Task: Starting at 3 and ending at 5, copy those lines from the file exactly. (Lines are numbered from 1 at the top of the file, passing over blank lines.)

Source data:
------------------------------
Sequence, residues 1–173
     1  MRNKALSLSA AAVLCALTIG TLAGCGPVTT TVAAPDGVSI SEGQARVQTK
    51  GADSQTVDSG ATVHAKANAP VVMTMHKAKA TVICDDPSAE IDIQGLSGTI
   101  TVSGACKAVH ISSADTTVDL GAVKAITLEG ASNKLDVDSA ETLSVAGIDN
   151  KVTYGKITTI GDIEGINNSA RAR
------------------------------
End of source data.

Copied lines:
    51  GADSQTVDSG ATVHAKANAP VVMTMHKAKA TVICDDPSAE IDIQGLSGTI
   101  TVSGACKAVH ISSADTTVDL GAVKAITLEG ASNKLDVDSA ETLSVAGIDN
   151  KVTYGKITTI GDIEGINNSA RAR